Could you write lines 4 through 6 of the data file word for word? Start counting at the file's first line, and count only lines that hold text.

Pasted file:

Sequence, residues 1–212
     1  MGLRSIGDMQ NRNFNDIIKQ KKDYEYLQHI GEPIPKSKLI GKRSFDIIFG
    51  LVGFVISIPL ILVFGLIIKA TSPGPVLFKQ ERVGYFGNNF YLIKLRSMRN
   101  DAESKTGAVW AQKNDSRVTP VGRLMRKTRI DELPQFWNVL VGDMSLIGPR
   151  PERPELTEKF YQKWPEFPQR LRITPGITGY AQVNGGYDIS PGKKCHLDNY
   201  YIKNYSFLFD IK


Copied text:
   101  DAESKTGAVW AQKNDSRVTP VGRLMRKTRI DELPQFWNVL VGDMSLIGPR
   151  PERPELTEKF YQKWPEFPQR LRITPGITGY AQVNGGYDIS PGKKCHLDNY
   201  YIKNYSFLFD IK